In the middle of the night, Wanniski suddenly realized Forbes would not have to wait. Aside from the fact they were friends, he was attracted to Forbes's optimism. "The American people always elect a president who is prone to crazy ideas on ways we can improve ourselves," says Wanniski. Forbes's reply: "It might be fun." In September, after a summer of meetings with friends and advisers, he announced his candidacy.

Forbes quickly told his supporters they shouldn't consider money an obstacle. He would ante up $25 million. He could do this because he had inherited a 51 percent interest in Forbes Inc., the parent of Forbes magazine. His Federal Election Commission filing says Forbes paid himself $1.35 million last year. Fortune magazine estimates Forbes's net worth at $439 million or among the 300 richest Americans.

His campaign headquarters in Bedminster, N.J., reflects that wealth with its colonial styling and suburban setting. Inside, there is a photo collection of Forbes with ex-presidents, Margaret Thatcher, and Pope John Paul II.

As staffers arrive at the building, there is some consternation: the post office is leaving plastic buckets of mail outside the building. In the mail are thousands of dollars of checks.

Forbes lives nearby with his wife, Sabina, and their five daughters at "Southdown," a gracious colonial clapboard house. It was assessed in 1994 at $1,045,900. Although the house is in an exclusive community, Forbes has reduced his property taxes by taking advantage of a law that allows anyone making $500 or more on farming to be taxed at a lower rate.

In 1994, the farm had income of $9,124. As a result, according to local property records, in 1994 he paid only $2,061 on 449 farm acres and $46,142 on his 70.6 non-farm acres.

In contrast to his flamboyant father, Forbes likes to relax with a good book on American history. His good friend Ken Tomlinson, editor in chief of Readers Digest in Pleasantville, N.Y., says he often "conspires" to have political discussions when their families gather. "When Steve starts talking, pretty soon it's a history lesson," says Mr. Tomlinson.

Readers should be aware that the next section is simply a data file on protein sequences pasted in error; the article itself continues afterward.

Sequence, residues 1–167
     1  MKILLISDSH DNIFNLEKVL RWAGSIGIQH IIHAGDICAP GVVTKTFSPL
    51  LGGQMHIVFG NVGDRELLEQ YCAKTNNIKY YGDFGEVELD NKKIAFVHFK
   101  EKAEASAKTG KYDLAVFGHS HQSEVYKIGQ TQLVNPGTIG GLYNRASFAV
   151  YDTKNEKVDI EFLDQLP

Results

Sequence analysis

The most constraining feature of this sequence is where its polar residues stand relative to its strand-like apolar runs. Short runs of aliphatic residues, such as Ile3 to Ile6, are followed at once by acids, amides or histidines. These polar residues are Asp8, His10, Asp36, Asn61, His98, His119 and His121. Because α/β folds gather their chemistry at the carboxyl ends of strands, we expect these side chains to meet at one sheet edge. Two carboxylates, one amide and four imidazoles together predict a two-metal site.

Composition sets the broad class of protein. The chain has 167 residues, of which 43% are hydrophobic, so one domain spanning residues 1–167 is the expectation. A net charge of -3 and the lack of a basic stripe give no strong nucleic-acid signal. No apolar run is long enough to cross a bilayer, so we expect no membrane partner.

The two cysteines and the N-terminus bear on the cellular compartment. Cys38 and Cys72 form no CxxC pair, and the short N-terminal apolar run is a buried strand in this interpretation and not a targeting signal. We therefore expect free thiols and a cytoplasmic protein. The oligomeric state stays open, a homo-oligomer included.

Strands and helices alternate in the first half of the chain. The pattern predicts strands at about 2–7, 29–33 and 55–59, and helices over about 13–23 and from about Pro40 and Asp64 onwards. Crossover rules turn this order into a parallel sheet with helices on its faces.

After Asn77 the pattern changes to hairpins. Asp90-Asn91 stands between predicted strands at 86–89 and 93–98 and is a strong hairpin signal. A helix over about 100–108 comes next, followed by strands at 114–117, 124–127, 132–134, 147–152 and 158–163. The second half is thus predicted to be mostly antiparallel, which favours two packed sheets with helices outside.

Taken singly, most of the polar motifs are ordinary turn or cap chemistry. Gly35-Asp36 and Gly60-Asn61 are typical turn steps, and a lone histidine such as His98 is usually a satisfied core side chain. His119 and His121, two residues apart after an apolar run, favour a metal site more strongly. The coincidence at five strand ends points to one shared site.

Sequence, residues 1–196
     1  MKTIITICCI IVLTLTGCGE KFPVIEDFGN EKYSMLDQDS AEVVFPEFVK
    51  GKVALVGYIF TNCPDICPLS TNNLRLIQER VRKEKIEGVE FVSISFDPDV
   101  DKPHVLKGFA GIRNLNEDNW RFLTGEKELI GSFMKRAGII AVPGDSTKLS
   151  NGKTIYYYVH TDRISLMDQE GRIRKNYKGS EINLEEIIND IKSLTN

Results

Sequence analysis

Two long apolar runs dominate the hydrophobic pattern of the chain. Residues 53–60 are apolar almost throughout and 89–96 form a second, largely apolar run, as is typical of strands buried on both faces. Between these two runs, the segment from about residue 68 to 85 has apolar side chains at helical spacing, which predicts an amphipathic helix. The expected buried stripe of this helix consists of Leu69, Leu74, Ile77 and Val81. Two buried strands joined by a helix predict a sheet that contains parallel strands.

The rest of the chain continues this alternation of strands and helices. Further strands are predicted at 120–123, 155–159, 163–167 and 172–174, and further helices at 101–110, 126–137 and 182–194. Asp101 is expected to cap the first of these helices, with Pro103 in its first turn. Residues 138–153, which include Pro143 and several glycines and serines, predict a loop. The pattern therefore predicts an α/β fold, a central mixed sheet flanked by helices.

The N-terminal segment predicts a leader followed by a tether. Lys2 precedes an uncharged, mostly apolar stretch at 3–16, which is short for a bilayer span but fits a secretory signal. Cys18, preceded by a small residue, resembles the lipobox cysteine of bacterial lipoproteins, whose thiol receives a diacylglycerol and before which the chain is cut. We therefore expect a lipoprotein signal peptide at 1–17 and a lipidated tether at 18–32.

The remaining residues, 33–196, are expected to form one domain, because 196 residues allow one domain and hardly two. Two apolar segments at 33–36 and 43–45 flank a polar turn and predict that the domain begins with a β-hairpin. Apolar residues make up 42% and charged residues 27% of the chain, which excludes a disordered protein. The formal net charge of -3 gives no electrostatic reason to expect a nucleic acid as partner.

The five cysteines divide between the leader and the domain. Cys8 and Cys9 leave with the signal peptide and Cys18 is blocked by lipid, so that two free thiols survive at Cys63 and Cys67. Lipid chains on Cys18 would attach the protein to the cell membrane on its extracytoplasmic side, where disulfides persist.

How Forbes does in the coming weeks will determine if he gets his own page or just a footnote in the history of the 1996 campaign.

Candidate Forbes

On Taxes...

Would replace income tax system with 17 percent flat tax, with no taxes on earnings under $36,800 for family of four. Would eliminate mortgage-interest and charitable deductions and cut capital-gains tax.

On Balanced Budget...

Faults what he sees as an overemphasis on bringing down the deficit, saying growth spurred by low taxes is more important.

On Abortion...

Has no plans to ban abortions, but would restrict late-term abortions. Opposes public financing of abortions and favors requiring that a minor get parental consent to have one.

On Affirmative Action...

Opposes race-based quotas.

On Bureaucracy...

Would strip Education, Energy, Commerce, and HUD "of all but their most essential functions" and eliminate a "whole alphabet soup of agencies."

On Education...

Supports vouchers for public, private, or religious schools, and giving parents choice of schools.

On Environment...

Backs law requiring government to compensate people whose property values are lowered as a result of regulation.

On Immigration...

Has long advocated a liberal immigration policy, saying more people in the work force create more competition and lower labor costs.

On Gun Control...

Favors expanded rights for police to frisk people on the streets for guns if they are suspected of having one illegally.

On Term Limits...

Supports them.

On Welfare...

Favors two-year limit on aid to recipients able to work and requirement to take government sponsored job if other work is unavailable. Favors requiring unwed teen mothers to live with parents or guardian if possible, and limiting benefits to single women if they have more children.